1. I joined the Brighton restaurant of McDonald's as a part-time crew member in 1985 whilst studying at Brighton Polytechnic. In November 1986 I became a full time Floor Manager at Ipswich. My career history since then is as follows:
Nov 1986: F-T Floor Manager, Ipswich
March 1987: Trainee Manager
April 1987: Second Assistant Manager
Sept 1987: First Assistant Manager
July 1988: Manager, Ipswich
Nov 1990: Manager, Colchester Tollgate
Feb 1991: Supervisor,
April 1992: Senior Supervisor
Dec 1992: Operations Manager
1994 to date: Operations Development Manager
2. I was Ray Coton's Supervisor from my promotion to that position in February 1991 until he left the company in August 1991. The other restaurants in my group at that time were Ipswich, Colchester, Tollgate and Clacton. I later supervised the Colchester Leisureworld restaurant as well when it opened in August 1991.
3. I quickly realised that the Colchester High Street restaurant was badly managed by Ray Coton in all aspects affecting quality, service and cleanliness. Further, management administration was poorly completed, if it was done at all, and the crew were not properly trained and were unmotivated. For example, when I was in the restaurant I would monitor with Ray Coton some of his crew's performance at various stations. I would often find crew untidy and giving slow and sloppy service. I would then go through the last Performance Reviews of these people with Ray Coton to compare the actual performance I had observed with their assessments. I found that most of them had their performance rated as 'excellent'. In my judgement, Ray Coton was incapable of telling his staff where they were going wrong, which resulted in poor standards.
4. It did not take me long to reach my conclusion about the management of the restaurant because (a) the deficiencies were obvious and (b) as Manager of the Ipswich and Tollgate restaurants, I had attended managers' meetings with the Supervisor, Mark Davis, who had openly discussed the poor performance of the High Street restaurant with Ray Coton. I had therefore gained the impression that Ray Coton was not a good manager even before I became his Supervisor.
5. Because Ray Coton was a mature and long serving Manager I went out of my way to cultivate a good working relationship. For example, I found out that he mostly only worked five days a week, which is usual for a Manager of a well-run restaurant. Many of the problems at the High Street restaurant could have been overcome if Ray Coton had devoted more time and energy to it. Nonetheless I did not make him work longer hours, which I could have done.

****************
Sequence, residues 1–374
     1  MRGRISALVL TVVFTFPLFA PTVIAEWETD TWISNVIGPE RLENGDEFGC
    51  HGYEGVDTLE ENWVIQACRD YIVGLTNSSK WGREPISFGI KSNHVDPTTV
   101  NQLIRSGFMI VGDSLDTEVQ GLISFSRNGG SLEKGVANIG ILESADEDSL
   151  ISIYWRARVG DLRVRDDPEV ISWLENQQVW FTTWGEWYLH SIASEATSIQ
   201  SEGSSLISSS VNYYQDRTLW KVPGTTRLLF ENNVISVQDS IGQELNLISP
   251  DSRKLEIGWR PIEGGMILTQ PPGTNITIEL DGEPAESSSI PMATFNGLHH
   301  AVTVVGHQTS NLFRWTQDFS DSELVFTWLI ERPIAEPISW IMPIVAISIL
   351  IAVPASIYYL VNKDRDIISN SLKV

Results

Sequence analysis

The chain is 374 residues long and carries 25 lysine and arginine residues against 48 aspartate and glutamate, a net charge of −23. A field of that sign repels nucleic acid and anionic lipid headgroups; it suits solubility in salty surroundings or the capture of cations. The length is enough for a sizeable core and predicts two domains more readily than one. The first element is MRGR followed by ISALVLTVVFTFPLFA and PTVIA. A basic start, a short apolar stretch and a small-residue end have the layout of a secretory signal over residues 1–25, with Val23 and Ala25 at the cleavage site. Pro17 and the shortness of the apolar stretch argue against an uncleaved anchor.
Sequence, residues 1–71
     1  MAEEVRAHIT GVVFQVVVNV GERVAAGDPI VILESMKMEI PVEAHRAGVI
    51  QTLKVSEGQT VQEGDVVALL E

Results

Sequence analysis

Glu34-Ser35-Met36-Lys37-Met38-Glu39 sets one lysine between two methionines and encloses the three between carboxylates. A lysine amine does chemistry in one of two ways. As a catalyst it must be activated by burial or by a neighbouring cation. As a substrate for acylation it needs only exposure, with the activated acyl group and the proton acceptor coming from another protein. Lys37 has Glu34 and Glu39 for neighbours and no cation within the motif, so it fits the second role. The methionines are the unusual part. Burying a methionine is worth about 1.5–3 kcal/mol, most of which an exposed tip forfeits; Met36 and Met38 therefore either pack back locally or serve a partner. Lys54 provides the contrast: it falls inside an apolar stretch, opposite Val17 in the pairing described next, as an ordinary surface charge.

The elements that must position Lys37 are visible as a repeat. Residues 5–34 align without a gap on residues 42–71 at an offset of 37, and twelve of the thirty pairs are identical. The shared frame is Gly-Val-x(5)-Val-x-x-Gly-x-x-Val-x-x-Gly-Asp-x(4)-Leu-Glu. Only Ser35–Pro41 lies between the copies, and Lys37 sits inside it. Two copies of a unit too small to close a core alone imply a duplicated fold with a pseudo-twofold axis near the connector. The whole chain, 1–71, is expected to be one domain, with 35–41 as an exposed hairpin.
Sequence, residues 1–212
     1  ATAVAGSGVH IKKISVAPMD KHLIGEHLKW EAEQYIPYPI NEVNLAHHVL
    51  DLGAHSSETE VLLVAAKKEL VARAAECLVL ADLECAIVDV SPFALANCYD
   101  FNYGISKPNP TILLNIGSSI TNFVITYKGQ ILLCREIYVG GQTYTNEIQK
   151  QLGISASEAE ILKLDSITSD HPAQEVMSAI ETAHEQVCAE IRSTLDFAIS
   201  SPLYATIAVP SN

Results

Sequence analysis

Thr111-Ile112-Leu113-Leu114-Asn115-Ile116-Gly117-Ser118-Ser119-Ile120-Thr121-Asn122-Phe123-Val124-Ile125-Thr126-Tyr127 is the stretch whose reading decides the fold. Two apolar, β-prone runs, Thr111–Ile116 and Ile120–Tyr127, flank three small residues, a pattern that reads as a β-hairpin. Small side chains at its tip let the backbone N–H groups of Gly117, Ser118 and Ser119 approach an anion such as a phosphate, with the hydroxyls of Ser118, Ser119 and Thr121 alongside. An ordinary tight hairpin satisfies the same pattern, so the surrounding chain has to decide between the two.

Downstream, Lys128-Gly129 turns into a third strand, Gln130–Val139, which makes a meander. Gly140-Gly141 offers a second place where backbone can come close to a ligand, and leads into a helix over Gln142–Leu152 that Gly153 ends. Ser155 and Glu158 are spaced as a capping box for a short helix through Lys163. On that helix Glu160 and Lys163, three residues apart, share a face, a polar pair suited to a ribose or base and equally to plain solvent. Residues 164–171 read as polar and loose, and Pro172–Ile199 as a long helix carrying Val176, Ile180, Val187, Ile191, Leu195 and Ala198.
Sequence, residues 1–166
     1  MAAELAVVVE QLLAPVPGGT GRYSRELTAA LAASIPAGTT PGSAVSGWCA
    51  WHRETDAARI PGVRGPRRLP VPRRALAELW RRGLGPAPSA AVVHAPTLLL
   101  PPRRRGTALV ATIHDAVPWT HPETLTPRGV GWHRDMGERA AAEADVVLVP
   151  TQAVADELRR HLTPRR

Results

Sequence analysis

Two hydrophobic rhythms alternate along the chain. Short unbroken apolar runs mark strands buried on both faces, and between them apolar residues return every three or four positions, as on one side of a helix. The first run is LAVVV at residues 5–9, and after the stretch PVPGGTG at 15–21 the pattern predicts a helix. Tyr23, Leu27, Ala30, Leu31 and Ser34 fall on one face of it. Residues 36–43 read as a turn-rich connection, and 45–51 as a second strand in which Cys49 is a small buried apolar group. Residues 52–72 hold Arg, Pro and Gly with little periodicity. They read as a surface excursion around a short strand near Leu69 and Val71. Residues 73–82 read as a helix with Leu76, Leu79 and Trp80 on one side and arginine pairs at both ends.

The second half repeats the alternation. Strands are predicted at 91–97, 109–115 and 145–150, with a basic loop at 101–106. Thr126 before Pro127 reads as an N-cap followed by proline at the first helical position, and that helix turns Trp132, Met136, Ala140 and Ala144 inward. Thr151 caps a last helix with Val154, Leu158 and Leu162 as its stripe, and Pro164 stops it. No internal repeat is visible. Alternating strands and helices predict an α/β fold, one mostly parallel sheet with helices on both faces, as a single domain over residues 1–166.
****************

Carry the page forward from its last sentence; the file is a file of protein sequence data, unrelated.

6. As I have said, when I first became Supervisor I was responsible for four restaurants and was shortly to gain a fifth. I knew, therefore, that I could not afford to spend as much time with Ray Coton as I understood Mark Davis had done. Nevertheless I visited the restaurant about three times a week, spending between two hours and a day. I felt that most of my time there was spent fire-fighting. I did not always announce my visits. If I did it was because I wanted to spend time with the managers, when I had to give them the opportunity to schedule to give them cover. Very few of my unannounced visits coincided with Ray Coton's presence in the restaurant which I found frustrating because I felt he should be there at what were often critical times. I concluded (contrary to the allegations he makes about working long hours) that he spent insufficient time in the restaurant. At times it occurred to me that he could have been avoiding me.
7. The following allegations made by Ray Coton are untrue: (1) that I put undue pressure on him with regard to his targets, (2) that I knew of and "unofficially" condoned his "cost cutting" practices whilst (3) "officially" telling him to stop them and that he would be disciplined if he was caught.
The targets in the restaurant were perfectly achievable and were similar to the others in my group, taking local variations into account. I had no difficulty in achieving my targets as a Manager; neither did most of the other Managers in my group when I was Supervisor.
My approach as Supervisor, when visiting a restaurant, was to review various aspects of the business, for example inventories, scheduling, floor control etc. When I found things were wrong I would speak to the managers present and make it absolutely clear what was wrong, why it was wrong and how it could be done properly. I emphasised that it was easier to do things properly by following the set procedures. I did not mean by this that I was inflexible but that if the management team followed the tried and tested methods they would find it easier to achieve the standards.
As soon as I discovered bad practices, I immediately investigated the position and gave the managers clear instructions on the correct procedures and, where appropriate, took disciplinary action. I give the following examples:
(i) On a date I cannot recall, I got wind from someone in the restaurant, whose name I cannot recall, that there was a problem with docking of hours following a 'close' one night. I was given the names of some crew who were allegedly affected. Because of the seriousness of the allegation, I consulted the regional Human Resources department. I was advised that no investigation, other than for general information, could be undertaken into a particular persons activities or performance while they were at work. If necessary that person could be suspended while the investigation was carried out, but only if there were some good grounds for believing that they were involved.